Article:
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Insidious: Chapter 3 - Review

Insidious Chapter 3

Review by Rob Carnevale

IndieLondon Rating: 2 out of 5

BY writer-director Leigh Whannell’s own recent admission, third films are notoriously difficult beasts to pull off. And so it proves with Insidious: Chapter 3, a wholly derisory horror experience that feels like a pale imitation of the much-loved original.

A prequel of sorts, this latest instalment focuses on gifted psychic Elise Rainer (Lin Shaye, reprising her role from the first two instalments) and how she came to be involved in fighting demons in the first place. Hence, after being visited by timid teenager Quinn Brenner (Stefanie Scott), Elise reluctantly agrees to help when a dangerous supernatural entity threatens the girl’s wellbeing.

As with the first film, this places a seemingly normal family in extreme peril as they experience a series of creepy happenings around their home, all designed to unsettle viewers by playing on fears of things that go bump in the night.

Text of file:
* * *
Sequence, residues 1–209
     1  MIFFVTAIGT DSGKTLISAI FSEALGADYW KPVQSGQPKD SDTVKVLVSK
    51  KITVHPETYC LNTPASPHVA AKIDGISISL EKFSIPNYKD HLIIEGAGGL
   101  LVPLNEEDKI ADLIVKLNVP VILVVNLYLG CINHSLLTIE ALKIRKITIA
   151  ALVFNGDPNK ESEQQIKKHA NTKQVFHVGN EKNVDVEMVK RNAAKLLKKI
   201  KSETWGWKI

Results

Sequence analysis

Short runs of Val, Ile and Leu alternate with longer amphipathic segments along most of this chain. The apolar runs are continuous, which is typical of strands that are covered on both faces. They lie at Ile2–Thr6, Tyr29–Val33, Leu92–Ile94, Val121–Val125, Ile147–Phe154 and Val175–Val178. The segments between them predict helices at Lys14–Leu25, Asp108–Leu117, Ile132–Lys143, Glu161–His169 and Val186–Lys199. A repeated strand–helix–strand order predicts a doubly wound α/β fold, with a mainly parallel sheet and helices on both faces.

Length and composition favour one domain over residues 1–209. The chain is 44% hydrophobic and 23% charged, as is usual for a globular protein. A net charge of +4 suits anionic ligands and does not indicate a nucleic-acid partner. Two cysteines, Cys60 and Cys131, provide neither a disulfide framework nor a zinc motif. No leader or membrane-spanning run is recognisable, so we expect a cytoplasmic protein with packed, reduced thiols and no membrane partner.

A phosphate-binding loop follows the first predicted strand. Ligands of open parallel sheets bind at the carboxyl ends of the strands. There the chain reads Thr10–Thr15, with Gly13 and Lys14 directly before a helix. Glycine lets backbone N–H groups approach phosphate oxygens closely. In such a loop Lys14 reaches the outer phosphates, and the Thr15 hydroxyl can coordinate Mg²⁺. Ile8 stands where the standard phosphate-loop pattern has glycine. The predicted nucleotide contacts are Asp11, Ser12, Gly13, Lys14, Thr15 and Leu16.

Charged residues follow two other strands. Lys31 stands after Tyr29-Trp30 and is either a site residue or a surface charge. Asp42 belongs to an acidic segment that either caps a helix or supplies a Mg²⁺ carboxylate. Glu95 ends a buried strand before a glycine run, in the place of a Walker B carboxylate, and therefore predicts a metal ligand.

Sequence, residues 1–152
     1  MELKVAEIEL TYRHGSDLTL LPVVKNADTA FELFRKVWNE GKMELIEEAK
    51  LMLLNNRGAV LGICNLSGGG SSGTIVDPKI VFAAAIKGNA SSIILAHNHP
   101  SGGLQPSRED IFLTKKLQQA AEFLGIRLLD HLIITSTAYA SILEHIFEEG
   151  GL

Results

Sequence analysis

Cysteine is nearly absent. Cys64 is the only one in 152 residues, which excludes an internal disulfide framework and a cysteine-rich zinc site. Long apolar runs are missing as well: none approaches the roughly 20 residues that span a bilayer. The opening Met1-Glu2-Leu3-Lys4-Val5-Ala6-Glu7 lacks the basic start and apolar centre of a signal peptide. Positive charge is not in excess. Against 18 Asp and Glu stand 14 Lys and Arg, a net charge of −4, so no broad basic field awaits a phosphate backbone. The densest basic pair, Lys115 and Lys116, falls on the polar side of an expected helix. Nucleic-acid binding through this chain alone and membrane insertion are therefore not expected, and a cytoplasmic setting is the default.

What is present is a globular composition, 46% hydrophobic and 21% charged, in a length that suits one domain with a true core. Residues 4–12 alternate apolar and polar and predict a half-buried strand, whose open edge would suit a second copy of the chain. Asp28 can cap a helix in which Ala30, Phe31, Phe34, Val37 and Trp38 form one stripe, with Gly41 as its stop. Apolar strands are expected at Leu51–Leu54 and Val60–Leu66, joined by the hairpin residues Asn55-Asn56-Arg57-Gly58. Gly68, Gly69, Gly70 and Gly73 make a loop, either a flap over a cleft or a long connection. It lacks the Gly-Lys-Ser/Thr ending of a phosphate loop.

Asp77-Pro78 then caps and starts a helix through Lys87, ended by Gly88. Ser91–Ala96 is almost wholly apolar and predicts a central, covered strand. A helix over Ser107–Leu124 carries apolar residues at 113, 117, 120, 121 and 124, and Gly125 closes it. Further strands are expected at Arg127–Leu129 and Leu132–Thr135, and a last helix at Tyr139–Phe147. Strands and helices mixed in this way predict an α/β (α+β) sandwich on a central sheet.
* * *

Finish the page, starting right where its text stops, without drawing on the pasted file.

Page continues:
And, just like the first film, it then segues into an alternate supernatural realm, in which an innocent victim is taken captive and must await a brave fighter to retrieve them.

But therein lies one of Insidious: Chapter 3‘s many problems…. by attempting to revert back to the formula that first made the franchise possible, it feels like a lazy re-tread in which the law of diminishing returns really takes effect.

More simply put, there’s nothing new here. Supposed insights into Shaye’s Elise Rainer are slight at best, given the film’s focus on the new family in peril, while the set-ups feel obvious and are too often repeated.

Admittedly, there are one or two moments to make you jump (usually with the assistance of sound effects) but even these feel cheap when compared to the best that the genre can offer. But there’s nothing to really unsettle in the way that the first film really did.

A belated appearance by Whannell and Angus Sampson, reprising their roles as light relief ghost hunters Specs and Tucker, does manage to inject some knowing humour into proceedings but – again – the film could have used more of their presence and fails to reveal anything really new or worthwhile about them.

While the film’s main victim, played by Scott, conforms a little too easily to the tried and tested damsel in distress and feels like more of a clich√© that a truly rounded character. It’s a failing that Whannell, as both writer and director, has to shoulder.

With all things considered, Insidious: Chapter 3 is a wholly disappointing horror experience that feels like a waste of everyone’s time and effort. It’s time to close the book on this one.

Certificate: 15
Running time: 97mins
UK Release Date: June 5, 2015